The Summer Solstice was reflected as early as 3500BC from Stonehenge. Stonehenge represents a reflection of solstices that reflect shadow and light from an array of stones. Stonehenge reflects the constellations and the zodiacs in the sky. My intangible heritage is a protected site.
Suggesting a hybrid tower develops the opportunity to explore the potential of a specific rural urbanism within the Ashdown Forest. An existing precedent urban landscape defines the real constraints for a proposed tower that, with respect to the rules set by Stonehenge, must consider the shadow it casts. In this case onto the city context during extreme sun angles, the solstices. An undifferentiated tower casts an unconstrained and non contextually affected shadow upon the new site, a rural urbanscape. The intention is to explore the use of material from the new site to alter the form and therefore the performance of the new tower in direct response and potentially in synthesis with the new site.
The sandstone that makes up the substrate of the site, is not uniform, and offers potential as a device to re-imagine the tower. With this construction system and a more closely observed context, there is potential to explore shadow and light as mediated by the tower in an attempt to have a positive impact on the landscape with the possibility of creating new spaces. Uneven and non-uniform void spaces will generate performance for a specific programme. And this programme will generate a way of exploring the benefits, or not, of inhabiting the landscape more intensively. The central exploration is whether there can be a reciprocal benefit for community and landscape based on the exploitation of a local material and for construction, while respecting the context, through understanding the analemma and its relationship to a tall building.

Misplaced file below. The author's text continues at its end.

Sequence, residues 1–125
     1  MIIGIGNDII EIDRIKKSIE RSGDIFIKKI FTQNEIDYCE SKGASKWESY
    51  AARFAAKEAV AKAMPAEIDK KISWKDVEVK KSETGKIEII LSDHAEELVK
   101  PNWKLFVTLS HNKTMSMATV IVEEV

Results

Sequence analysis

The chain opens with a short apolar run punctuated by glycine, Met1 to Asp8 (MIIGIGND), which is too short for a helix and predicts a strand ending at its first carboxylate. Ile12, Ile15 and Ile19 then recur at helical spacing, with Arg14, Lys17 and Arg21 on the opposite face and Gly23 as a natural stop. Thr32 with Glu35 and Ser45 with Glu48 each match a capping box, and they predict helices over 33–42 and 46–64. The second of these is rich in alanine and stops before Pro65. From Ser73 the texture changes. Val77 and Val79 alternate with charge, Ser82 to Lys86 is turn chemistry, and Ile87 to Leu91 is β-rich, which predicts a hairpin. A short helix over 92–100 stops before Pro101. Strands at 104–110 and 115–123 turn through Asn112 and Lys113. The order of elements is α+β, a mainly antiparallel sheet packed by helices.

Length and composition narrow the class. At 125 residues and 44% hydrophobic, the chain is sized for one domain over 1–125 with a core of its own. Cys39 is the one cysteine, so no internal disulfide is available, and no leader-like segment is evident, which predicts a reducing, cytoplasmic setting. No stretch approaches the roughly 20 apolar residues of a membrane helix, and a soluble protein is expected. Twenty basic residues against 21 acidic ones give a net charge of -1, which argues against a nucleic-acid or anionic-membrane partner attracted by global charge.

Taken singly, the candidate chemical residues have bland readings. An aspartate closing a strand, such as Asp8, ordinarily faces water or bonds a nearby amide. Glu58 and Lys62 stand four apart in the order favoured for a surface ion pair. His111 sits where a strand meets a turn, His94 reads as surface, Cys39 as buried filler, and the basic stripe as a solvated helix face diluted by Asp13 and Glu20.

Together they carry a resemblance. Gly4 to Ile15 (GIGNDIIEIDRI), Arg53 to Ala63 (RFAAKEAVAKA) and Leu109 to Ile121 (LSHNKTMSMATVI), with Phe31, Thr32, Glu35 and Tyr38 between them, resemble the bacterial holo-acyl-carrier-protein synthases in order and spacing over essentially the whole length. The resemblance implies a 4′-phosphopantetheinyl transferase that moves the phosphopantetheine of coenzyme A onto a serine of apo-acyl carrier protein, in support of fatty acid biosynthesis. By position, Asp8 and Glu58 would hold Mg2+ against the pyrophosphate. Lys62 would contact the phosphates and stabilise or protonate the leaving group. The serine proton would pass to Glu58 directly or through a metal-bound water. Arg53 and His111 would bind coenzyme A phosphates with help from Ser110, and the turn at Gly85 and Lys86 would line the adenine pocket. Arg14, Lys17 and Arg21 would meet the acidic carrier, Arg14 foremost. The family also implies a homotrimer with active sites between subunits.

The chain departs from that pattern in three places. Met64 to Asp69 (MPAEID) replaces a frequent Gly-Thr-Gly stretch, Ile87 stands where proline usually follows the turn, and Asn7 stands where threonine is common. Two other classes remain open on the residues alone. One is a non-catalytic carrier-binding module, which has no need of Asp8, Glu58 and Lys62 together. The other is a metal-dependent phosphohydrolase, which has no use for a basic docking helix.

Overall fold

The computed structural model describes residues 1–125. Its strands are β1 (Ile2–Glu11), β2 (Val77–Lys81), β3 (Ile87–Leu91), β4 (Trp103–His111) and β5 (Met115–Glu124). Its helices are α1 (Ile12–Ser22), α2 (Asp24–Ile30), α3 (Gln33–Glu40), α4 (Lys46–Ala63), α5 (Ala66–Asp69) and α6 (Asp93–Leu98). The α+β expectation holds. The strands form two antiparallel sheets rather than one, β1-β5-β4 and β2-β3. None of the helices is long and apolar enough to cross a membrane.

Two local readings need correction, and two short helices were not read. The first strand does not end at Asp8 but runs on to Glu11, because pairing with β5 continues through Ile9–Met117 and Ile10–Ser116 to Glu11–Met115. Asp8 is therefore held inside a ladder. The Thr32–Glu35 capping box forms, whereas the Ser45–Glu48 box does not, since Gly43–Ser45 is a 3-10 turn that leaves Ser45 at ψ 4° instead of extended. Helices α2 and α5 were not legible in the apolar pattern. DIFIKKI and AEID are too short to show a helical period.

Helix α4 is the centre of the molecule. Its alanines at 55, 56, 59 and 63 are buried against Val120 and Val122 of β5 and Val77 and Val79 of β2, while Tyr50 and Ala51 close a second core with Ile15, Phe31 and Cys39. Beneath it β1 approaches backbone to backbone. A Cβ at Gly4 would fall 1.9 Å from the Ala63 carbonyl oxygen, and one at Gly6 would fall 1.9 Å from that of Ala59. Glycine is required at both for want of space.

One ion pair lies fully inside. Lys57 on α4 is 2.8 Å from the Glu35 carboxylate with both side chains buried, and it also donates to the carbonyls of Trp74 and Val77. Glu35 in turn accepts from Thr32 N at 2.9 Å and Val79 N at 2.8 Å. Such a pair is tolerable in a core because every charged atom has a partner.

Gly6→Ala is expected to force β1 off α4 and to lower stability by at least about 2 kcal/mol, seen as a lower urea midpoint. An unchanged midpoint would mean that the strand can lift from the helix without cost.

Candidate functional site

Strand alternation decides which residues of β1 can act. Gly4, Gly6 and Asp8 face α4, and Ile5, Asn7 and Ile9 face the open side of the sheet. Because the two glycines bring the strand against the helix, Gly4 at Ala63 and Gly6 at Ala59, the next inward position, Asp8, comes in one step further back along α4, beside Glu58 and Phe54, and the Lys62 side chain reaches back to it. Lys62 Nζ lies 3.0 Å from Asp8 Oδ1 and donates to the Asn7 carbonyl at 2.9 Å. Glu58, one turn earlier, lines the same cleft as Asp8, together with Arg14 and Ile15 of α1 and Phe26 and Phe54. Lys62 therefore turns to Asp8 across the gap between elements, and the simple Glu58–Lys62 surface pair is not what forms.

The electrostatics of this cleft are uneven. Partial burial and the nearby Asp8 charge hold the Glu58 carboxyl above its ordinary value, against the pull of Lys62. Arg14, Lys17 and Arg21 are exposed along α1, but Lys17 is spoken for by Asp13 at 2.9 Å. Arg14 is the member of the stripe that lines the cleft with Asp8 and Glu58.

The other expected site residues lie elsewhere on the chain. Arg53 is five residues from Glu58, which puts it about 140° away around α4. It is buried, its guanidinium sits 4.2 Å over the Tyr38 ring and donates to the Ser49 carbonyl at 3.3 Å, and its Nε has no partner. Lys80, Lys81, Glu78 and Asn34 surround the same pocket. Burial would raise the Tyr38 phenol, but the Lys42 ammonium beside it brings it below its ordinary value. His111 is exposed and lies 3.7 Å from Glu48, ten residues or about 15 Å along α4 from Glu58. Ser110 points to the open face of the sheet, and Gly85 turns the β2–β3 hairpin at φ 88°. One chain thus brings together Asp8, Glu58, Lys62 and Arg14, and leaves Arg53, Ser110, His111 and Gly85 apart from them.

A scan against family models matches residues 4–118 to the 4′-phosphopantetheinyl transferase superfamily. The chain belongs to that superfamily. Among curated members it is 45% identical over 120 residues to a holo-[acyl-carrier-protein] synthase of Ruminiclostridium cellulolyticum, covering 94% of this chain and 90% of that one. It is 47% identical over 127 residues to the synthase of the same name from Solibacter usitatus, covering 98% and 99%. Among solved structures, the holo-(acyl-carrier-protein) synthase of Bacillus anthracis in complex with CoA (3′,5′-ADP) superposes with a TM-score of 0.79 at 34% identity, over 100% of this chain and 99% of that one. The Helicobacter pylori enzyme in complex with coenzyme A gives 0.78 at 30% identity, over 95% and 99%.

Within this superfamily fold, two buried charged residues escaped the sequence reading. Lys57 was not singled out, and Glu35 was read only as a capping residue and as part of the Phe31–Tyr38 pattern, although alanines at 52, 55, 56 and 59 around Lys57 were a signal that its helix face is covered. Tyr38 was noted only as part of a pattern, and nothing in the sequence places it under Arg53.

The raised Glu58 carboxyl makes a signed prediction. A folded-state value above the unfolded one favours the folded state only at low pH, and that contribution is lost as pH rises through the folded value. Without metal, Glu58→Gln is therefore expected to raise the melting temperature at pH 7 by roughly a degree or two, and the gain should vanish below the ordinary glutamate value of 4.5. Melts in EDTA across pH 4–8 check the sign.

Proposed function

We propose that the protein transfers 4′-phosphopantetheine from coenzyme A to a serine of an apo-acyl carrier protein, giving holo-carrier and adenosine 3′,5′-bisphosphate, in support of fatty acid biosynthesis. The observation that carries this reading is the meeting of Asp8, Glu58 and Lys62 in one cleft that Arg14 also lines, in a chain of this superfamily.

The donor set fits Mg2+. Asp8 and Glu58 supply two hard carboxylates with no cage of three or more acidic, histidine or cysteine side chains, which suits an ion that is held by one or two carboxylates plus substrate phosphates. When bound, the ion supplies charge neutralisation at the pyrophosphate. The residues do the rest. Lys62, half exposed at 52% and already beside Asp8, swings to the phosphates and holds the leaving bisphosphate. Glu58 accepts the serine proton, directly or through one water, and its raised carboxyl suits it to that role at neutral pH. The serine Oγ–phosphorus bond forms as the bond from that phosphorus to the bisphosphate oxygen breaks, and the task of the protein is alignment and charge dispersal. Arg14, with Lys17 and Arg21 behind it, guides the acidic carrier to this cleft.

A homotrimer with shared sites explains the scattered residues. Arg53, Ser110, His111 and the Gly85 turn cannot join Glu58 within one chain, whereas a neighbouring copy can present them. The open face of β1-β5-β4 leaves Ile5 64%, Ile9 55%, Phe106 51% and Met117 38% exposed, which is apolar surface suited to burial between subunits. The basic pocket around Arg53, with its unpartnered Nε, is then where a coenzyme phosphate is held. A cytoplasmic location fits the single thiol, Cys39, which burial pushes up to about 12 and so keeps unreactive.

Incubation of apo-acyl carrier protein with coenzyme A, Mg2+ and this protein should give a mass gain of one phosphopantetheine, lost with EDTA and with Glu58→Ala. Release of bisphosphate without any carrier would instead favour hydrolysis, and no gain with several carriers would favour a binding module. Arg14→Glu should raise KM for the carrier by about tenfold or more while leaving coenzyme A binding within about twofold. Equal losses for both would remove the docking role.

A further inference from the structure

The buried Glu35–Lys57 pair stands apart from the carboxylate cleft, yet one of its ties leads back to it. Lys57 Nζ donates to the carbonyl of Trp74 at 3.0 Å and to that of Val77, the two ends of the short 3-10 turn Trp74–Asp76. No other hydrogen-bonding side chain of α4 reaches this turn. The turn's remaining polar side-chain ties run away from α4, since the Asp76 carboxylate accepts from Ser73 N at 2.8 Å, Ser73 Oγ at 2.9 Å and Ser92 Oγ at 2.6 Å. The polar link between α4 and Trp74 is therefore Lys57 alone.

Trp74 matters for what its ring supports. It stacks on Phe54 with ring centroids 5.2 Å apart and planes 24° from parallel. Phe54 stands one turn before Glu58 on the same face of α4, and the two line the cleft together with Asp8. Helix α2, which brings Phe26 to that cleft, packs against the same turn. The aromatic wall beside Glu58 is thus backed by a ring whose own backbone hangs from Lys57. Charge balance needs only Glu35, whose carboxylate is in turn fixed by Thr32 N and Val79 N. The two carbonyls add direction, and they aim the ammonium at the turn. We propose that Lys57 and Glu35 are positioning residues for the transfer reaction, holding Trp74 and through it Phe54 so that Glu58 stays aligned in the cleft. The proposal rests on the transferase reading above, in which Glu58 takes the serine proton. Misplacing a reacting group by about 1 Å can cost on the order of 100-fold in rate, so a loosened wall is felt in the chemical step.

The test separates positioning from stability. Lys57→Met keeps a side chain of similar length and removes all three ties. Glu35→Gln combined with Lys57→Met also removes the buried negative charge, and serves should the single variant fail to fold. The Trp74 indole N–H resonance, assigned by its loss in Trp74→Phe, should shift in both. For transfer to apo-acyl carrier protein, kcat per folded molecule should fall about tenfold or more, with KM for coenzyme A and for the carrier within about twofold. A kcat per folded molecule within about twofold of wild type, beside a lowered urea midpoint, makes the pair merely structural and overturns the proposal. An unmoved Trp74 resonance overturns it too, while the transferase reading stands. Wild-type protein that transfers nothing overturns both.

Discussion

The Ashdown Forest terrain mainly consists of lowland heath, an ancient substrate that contributes to the health of vegetation and rare species of plants. Currently 20% of this substrate in the whole world is located in the UK (80% destroyed since the 1800s) and hence has been put on the biodiversity action plan to regenerate the substrate. The threat of overgrowing and afforestation requires a new solution. The Ashdown Forest common birch tree poses a threat to this. The hybrid tower can help regenerate this ancient land by using this as an envelope.
The proposed site sits below the bottom of Blackhill where the land topography rises 120m towards the top of the hill. This would allow for the tower to blend in with its surroundings.